‘Beauty’ has been a quality which all the makers of buildings have strived to achieve. The parameter with which ‘beauty’ is judged varies from person to person and era to era. The search to find a clue has driven man to observe nature, study it and even imitate it. In his search, man discovered certain underlying laws which governed the making of everything that exists in nature. These laws were based on the interrelationship between parts at both micro and macro level. When translated into a word it is ‘proportions’; as we call it today. Proportions are relation of one part to another or to the whole with respect to magnitude, quantity or degree.
Each civilization attached their own significance to ‘proportions’ and every branch of science and philosophy had their own meaning of it. Astronomers found proportions in relationship of Universe and the stars; the distance between them and so on, whereas musician discovered it in harmony of musical consonances, botanist related parts of plant to its whole and mathematicians found it in numbers. Sometimes it was all about numbers and at times had symbolic value and mystical significance. Plato found proportions in making of Universe and its cosmic harmony whereas Alberti found it dictating ‘Concinnitas’. The source of proportioning system has also been different, be it from geometry (Euclidian Theory), from music (Palladian Theory) or from anatomy of human body (Virtuvian Theory). However, ‘proportions’ had been central in creation of beauty. One finds mention of proportions by Vitruvius while defining ‘symmetry’, by Alberti while defining ‘Concinnitas’ and by Palladio in his concept of ‘beauty’.
In regards to music, Pythagoras is credited with developing our understanding of the harmonic series, the overtone series. It seems that Pythagoras was perhaps the first person to define the ‘consonant’, acoustic relationships between strings of proportional lengths. Specifically, strings of equal tension of proportional lengths create tones (or notes) of proportional frequencies when plucked. For example, a string that is two feet long will vibrate x times per second (Hertz). While a string that is one foot long (x/2) will vibrate twice as fast, 2x and furthermore, those two frequencies create a perfect octave.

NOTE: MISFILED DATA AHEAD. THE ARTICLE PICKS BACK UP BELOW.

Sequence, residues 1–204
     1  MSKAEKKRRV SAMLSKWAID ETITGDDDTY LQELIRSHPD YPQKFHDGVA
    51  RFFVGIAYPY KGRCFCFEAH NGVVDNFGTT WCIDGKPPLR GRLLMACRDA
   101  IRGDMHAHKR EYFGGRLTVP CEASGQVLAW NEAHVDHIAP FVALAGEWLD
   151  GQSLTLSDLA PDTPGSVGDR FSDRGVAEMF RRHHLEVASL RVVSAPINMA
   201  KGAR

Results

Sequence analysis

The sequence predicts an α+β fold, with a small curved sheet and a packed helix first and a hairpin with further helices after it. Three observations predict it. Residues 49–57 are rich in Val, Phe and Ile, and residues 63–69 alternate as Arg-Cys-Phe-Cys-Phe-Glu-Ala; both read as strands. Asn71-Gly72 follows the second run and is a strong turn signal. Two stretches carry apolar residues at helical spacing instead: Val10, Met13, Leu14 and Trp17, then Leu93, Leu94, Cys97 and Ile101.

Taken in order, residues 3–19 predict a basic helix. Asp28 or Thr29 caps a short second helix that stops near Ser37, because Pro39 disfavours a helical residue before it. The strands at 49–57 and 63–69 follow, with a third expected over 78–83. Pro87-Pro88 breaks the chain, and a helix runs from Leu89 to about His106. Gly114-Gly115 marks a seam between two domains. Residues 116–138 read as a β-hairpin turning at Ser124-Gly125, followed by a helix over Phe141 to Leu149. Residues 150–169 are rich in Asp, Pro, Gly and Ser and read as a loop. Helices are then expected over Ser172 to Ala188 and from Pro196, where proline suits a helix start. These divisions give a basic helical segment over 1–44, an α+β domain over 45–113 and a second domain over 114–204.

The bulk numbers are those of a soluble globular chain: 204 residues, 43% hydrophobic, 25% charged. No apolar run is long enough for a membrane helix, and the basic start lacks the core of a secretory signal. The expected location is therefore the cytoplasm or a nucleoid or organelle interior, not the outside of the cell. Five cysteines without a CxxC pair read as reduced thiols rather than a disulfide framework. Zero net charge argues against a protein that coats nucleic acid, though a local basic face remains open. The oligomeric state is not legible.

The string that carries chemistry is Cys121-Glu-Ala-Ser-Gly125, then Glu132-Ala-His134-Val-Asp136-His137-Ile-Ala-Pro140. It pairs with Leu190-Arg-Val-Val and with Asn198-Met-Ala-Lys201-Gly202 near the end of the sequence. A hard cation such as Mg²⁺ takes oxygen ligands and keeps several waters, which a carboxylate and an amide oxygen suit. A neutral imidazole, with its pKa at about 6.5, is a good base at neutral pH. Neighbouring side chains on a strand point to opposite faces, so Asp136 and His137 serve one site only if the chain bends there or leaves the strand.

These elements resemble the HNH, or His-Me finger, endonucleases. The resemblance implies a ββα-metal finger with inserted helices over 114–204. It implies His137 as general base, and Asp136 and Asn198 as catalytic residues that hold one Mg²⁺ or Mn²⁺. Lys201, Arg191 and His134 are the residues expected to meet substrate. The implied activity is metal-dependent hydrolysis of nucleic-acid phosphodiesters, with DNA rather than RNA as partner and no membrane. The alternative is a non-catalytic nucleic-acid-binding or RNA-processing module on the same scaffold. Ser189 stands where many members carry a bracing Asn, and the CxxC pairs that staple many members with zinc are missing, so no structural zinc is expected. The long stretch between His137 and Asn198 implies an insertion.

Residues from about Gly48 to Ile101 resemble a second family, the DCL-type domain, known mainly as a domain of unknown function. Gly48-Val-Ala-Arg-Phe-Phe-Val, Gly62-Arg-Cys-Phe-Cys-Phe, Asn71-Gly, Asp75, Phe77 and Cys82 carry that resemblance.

If string vibrates at fundamental pitch x Hertz, then
x = Unison, ‘C’ Note (The Fundamental Frequency)
x/2 = First Octave, ‘C1’ Note (2/1 the Fundamental Frequency)
x/3 = A Perfect Fifth, ‘G’ Note (3/1 the Fundamental Frequency)
x/4 = Second Octave, ‘C2’ Note (equals two octaves, 4/1 the Fundamental Frequency) x/5 = A Major Third, ‘E’ Note (5/1 the Fundamental Frequency).
Figure 1 is to show that there is increase in frequency in each successive harmonics with corresponding decrease in wave length and amplitude for same length of string.
In dividing the length in this manner, Pythagoras exposed the first four overtones that have become the primary building blocks of musical harmony, an octave, a Perfect 5th, a Perfect 4th and a Major 3rd. Pythagoras also acknowledged these intervals, not only as they relate to the fundamental frequency, but to each other and found these ratios:
1:1 = Unison
2:1 = Octave
3:2 = Fifth
4:3 = Fourth
5:4 = Major Third
Figure 2 is proportional representation of Pythagorean harmonics.
Proportions are a simple tool and a precise aid to the dimensioning of objects to bring harmony into the work. Theory of proportions may not help us to produce, but it eliminates automatically the false notes in design composition. One adopts proportions to establish order and clarity on the level of geometrical equilibrium, not as a creative tool but as a tool to establish visual balance. We need not reject, we must absorb and digest, reinvent and not repeat theories of proportions in totality. We got to find our own idiom. Today when we make judgments on beauty, we do not follow mere fancy, but the working of reasoning faculty that is inborn in the mind or a faculty that is already established. Proportional relationships cause a visual delight whose triumph is beyond just being a tool of design; we need to infer scholarship of proportions as a planning grammar.
1) Shah Bhavesh, A Study In Palladian Palette Of Proportions, University of California, Los Angles, 1997.
2) Shah Bhavesh, Study Of Proportions In Villa Plans Of I Quattro Libri Dell’ Architecttura, Indian Institute of Technology, Roorkee, 2012.
Dr. Bhavesh Shah, Professor, School of Interior Design, Unitedworld Institute of Design (UID)
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